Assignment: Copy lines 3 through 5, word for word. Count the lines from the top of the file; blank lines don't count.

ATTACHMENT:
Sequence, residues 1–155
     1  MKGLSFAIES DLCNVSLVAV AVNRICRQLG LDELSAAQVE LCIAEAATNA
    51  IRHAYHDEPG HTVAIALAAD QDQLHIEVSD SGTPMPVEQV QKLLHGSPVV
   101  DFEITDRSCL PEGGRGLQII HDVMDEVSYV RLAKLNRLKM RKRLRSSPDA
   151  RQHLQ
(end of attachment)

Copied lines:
    51  IRHAYHDEPG HTVAIALAAD QDQLHIEVSD SGTPMPVEQV QKLLHGSPVV
   101  DFEITDRSCL PEGGRGLQII HDVMDEVSYV RLAKLNRLKM RKRLRSSPDA
   151  RQHLQ